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Qualcomm’s share price nosedives after FTC antirust loss

Qualcomm might have some of the most battle-hardened legal experts in the technology world, but it can’t win every fight.

In a ruling coming out of the District Court for the Northern District of California, Judge Lucy Koh has ruled the chipset giant had violated the Federal Trade Commission Act. The judgment could have a significant impact on the Qualcomm business model, with Judge Koh suggesting it used its dominant position to impose excessive licensing fees.

While this certainly won’t be the end of Qualcomm dominance in the chipset market, the firm houses too much competence and smarts, it might have a drastic impact on the spreadsheets. And investors seem to be fearing the worst also, with Qualcomm’s share price declining almost 12% in pre-market trading at the time of writing.

“Qualcomm’s licensing practices have strangled competition in the CDMA and the premium LTE modem chip markets for years, and harmed rivals, OEMs, and end consumers in the process,” Judge Koh said in the ruling.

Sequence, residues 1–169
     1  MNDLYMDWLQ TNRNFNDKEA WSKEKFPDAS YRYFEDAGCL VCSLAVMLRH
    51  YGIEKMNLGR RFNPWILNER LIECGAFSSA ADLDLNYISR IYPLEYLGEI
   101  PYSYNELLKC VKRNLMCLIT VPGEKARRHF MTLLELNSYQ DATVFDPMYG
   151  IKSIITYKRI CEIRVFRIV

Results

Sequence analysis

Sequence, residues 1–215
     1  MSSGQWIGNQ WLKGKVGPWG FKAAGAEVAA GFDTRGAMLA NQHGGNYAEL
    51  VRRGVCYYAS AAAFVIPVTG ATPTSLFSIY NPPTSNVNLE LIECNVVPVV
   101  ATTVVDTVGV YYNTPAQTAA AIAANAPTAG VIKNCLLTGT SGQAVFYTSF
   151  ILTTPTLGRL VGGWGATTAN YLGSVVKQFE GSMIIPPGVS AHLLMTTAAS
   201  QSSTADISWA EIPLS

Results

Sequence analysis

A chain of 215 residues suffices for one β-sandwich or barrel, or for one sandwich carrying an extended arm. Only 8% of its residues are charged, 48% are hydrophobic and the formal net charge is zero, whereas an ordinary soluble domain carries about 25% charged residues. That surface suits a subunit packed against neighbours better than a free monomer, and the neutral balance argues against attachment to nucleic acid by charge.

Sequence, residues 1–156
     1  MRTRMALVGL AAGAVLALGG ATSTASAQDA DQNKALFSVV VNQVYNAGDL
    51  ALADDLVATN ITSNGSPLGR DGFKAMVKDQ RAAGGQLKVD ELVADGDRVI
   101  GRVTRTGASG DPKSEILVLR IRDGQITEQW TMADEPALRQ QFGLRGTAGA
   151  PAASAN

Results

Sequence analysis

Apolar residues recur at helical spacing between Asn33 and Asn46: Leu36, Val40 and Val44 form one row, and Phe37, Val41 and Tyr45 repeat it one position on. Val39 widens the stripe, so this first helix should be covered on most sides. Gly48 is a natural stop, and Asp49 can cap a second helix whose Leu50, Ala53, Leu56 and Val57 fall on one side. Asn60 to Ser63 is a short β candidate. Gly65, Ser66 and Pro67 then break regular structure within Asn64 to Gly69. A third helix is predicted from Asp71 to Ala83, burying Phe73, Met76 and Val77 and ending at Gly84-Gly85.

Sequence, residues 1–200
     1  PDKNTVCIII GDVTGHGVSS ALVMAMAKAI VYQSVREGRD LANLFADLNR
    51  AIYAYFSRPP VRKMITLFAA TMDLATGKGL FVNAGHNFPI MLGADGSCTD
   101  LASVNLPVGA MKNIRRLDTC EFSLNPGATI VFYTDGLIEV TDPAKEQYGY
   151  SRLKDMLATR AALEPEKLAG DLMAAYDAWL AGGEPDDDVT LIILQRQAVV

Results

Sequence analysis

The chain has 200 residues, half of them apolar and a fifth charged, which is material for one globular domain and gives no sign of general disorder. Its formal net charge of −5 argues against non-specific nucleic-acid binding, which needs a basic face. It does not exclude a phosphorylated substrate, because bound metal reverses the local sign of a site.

“We strongly disagree with the judge’s conclusions, her interpretation of the facts and her application of the law,” said Don Rosenberg, General Counsel of Qualcomm.

In a filing made in 2017, the Federal Trade Commission argued Qualcomm was employing anticompetitive tactics, using its dominant position in certain segments of the semiconductor market to hamper competition and effectively hold customers to random. The FTC suggested some components licenced by Qualcomm were standard essential parts, meaning they would have to be licenced on ‘fair, reasonable and non-discriminatory terms’. In short, Qualcomm should not have been charging such a handsome premium on the licences.

The FTC also claimed it was not reasonable for Qualcomm to enter into an exclusive agreement for some components with Apple, shutting other smartphone manufacturers out of the equation.

The Qualcomm business model has been under fire for some time, with the business facing numerous legal challenges in different markets worldwide. Although this is only a single ruling, it remains to be seen whether this sets a precedent and a subsequent domino effect around the world. Qualcomm is on the ropes here, though it will be interesting to see how the firm reacts to this latest antitrust blow.

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